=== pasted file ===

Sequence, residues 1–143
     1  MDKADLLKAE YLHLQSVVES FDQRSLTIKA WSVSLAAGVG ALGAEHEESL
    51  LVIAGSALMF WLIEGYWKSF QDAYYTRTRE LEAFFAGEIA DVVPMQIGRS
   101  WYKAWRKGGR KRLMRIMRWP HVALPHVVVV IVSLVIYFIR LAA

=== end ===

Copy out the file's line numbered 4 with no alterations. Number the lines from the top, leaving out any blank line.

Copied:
   101  WYKAWRKGGR KRLMRIMRWP HVALPHVVVV IVSLVIYFIR LAA